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Culture, Medicine, and Psychiatry

, Volume 36, Issue 2, pp 391–408 | Cite as

Suicide and the Afterlife: Popular Religion and the Standardisation of ‘Culture’ in Japan

  • Mary PiconeEmail author
Original Paper

Abstract

For an overwhelming majority of commentators, including many anthropologists, ‘Japanese culture’ is still associated with a positive view of suicide. Western-language writings have contributed by feedback loop to perpetuate this stereotype. Besides the local ‘samurai ethic’, Japanese Buddhism is also said not to prohibit taking one’s life. However, the most popular examples of heroic self-sacrifice, from the Edo period to WWII, are fraught with covert contradictions. From ancient times to the present religious practitioners of all sorts have maintained that suicide creates unhappy, resentful spirits who harm the living. This article discusses many examples of a diverse series of narratives, from spirit medium’s séances to drama to contemporary films, in which the anguished spirits of suicides are allowed to express themselves directly. After the figures rose alarmingly in the late 1990s various religious organisations have attempted to fight the stigma suffered by bereaved family members and have introduced new interpretations and new rituals.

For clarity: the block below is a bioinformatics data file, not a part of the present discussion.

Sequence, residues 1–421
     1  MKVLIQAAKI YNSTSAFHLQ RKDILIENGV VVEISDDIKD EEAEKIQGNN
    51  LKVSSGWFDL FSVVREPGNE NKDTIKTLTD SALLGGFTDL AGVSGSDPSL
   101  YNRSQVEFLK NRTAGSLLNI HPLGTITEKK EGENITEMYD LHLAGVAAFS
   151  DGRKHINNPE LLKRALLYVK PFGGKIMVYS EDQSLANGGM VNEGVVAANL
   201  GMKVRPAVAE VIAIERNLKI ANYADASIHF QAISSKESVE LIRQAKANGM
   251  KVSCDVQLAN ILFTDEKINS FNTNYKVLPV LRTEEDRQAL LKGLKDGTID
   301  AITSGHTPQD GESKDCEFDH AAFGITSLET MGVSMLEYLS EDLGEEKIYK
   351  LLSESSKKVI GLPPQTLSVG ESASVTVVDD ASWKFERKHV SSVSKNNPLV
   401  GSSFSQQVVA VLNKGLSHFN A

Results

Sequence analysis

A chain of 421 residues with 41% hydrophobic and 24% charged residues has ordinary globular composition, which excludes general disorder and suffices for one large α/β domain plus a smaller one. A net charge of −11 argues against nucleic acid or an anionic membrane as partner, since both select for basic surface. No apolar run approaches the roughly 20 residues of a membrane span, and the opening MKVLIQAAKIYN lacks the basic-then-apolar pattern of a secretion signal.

Keywords

Suicide Japan Religion Popular religion Ghosts Media 

Notes

Acknowledgments

I would like to thank Elizabeth Kenney (Kansai Gaidai, Osaka) for her great help with this and other projects, and the Rev. Henry Adams (Pure Land) for some of the material cited in the last section; any mistakes are my own.

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Copyright information

© Springer Science+Business Media, LLC 2012

Authors and Affiliations

  1. 1.École des Hautes Études en Sciences Sociales (EHESS)ParisFrance

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